Basic Trim Carpentry:

Installing Hardwood
Interior Door Casing

 
In This Article:

Some careful measurements are made, the side and top casing pieces are cut to length, then the 3 pieces are nailed together. The assembly is installed with finish nails.

Related Articles:
Skill Level: 2-3 (Basic to Moderate) Time Taken: 45 Minutes

By , Editor

 

The homeowner had stained the jambs on this pre-hung door to match the oak casing.

The casing came in 7 foot lengths. Each door used 2 full pieces for the sides and half of the third piece for the top.

 

Note the profile on this "Colonial" casing.

The first step is to mark the reveal on the door jamb, that is, the amount of the jamb edge that will be visible. I used a reveal of 1/4".

To mark the reveal I used a Stanley adjustable try-square. The white knob loosens a clamping screw which lets the 12 inch ruler slide for adjustment. This tool is indispensable.

Notice the marks on the jamb. It is only necessary to mark the top corners.

Next I stand a piece of casing up against the door jamb. Before this I made sure the bottom end had a good square cut.

Sometimes the drywall is not flush with the door jamb. If the wallboard sticks out too far, there will be a gap between the casing and the door jamb, or the casing will sit on a weird angle. See how I cut away the drywall when it sticks out.

With the casing held in place, I mark it at the horizontal line I made earlier. Then I repeat the process for the left hand trim piece.

Before going outside to the miter saw, I measured the width of the door opening.

In this case the measurement I got was 30-1/8". I was not measuring from one vertical pencil mark to the other.

I cut the trim on a miter saw. The blade on this saw is a combination blade, meant for fast cutting. It can leave a rough edge, so I cut very slowly. A fine tooth blade would be better.

When the cuts are done, I lay out the pieces on a firm, flat surface. In this house, the best place is the front entry with it's ceramic tile floor.

Cutting the top piece: The casing on this project was 2-1/4" wide. For the top, I first make one of the miter cuts. Then I measured along the top (the long edge) 35-1/8". This dimension comes from adding the 30-1/8" door opening plus 1/2" for the two reveals, plus 4-1/2" for the two casing widths. These numbers worked out easy because for each of the top pieces I simply had to measure the door opening and add 5".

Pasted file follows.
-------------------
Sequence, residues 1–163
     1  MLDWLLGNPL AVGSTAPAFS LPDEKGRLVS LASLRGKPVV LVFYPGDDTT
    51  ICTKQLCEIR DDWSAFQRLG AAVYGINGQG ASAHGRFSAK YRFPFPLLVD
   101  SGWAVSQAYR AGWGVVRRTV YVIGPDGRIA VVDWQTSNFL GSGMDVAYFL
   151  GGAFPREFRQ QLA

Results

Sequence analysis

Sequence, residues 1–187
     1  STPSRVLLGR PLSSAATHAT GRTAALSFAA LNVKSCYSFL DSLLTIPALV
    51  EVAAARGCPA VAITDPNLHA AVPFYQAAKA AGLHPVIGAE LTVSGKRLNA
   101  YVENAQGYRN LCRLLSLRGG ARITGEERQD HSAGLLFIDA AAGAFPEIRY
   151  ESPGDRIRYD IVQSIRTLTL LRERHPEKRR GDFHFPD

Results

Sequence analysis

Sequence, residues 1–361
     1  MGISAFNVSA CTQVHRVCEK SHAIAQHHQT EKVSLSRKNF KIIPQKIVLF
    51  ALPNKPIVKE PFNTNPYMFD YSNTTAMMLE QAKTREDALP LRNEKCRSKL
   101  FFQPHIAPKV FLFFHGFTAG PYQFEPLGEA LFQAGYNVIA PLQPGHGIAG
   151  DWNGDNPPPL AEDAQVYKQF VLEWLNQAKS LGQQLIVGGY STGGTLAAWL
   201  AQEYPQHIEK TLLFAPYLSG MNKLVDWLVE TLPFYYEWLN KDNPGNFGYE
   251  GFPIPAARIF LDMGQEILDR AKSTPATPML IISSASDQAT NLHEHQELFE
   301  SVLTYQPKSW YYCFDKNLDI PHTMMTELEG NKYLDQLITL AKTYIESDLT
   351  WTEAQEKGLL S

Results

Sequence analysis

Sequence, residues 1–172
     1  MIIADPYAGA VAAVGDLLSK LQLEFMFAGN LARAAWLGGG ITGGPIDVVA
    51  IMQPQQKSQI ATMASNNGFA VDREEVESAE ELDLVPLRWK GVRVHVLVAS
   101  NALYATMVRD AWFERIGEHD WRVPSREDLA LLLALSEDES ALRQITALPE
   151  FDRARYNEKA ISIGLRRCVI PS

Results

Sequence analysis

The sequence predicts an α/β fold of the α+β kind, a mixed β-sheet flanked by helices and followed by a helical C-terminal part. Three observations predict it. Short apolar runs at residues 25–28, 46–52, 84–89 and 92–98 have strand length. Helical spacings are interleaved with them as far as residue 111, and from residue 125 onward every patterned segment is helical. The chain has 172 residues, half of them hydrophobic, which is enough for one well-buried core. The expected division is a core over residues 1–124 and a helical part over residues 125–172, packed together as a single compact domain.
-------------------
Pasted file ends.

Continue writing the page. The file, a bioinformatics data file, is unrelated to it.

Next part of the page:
With the casing pieces laid out on a smooth surface, I aligned the corners carefully and drove 1 inch brad nails into the outer corners.

 

The nailer has to be carefully positioned or the brad will come out the back side, or worse, the front face. Both pieces of trim must be held securely or the impact of the nailer will move them.

I drive just one brad into each side of the miter joint.

What I do is rest one knee on each piece and let my weight hold the trim from moving. I find wearing kneepads to be helpful. Clamping the trim to a workbench may also work.

Note that the brads are driven only at the outside of the corner, and there is nothing to connect the inner area of the miter joint. When the casing is assembled this way, it is very fragile and must be handled with extreme caution. The purpose of these nails is to keep the miter joint aligned properly if the wall surface is uneven. From my experience, it takes longer to install casing when they are not first connected, because the miter joints rarely line up well.

The assembled casing, ready for (careful) transport to the door.

The casing is set in place.

 

Nailing The Casing In Place:

With the casing assembly in place I attach it with 1 inch brad nails. I start at a top corner, making sure that the edge of the casing lines up with the pencil marks I made earlier. I drive the brads into the door jamb, so they must be kept close to the inside edge of the casing.

  • I first secure one corner, by driving one brad on each side of the joint.
  • Then I secure the other corner in the same way.
  • I drive a few more brads into the top section.
  • Then I fasten each side piece, working from top to bottom. I straighten out any warpage as I fasten.
  • I typically use 5 or 6 brads on the top, and 8 to 10 brads on each side.

 

After the small brads, I use 2" finish nails (which may require a larger nailer) to fasten the outer edges.

I typically drive 2 or 3 nails in the top and 4 or 5 in each side. Too many nails can make the casing very difficult to remove.

 

That's all there is to it. With this pre-stained and varnished casing, there is no more work required, except maybe for filling in some tiny nail holes. Most of the holes made by the pneumatic nailers are so small that they need no filling.

Finish carpentry is satisfying work because the results are highly visible.

With paint-grade casing I usually paint the trim first. After installation I fill the nail holes and touch up the paint. A time saving approach some builders use is to paint the walls and trim with the same paint, which would have to be a satin or semi-gloss paint. Flat paint on doors and trim will collect dirty finger prints and is hard to clean. 

For a different approach to window and door casing, see how we created an elegant Victorian casing from scratch.

 

 

Tools Used:

  • Power Miter Saw
  • Pneumatic Brad Nailer
  • Pneumatic 2" Finish Nailer
  • Tape Measure
  • Adjustable Try-Square

Materials Used:

  • Colonial Casing
  • Nails

 

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Copyright © 1999, 2005  HammerZone.com

Written September 15, 1999 
Revised January 10, 2005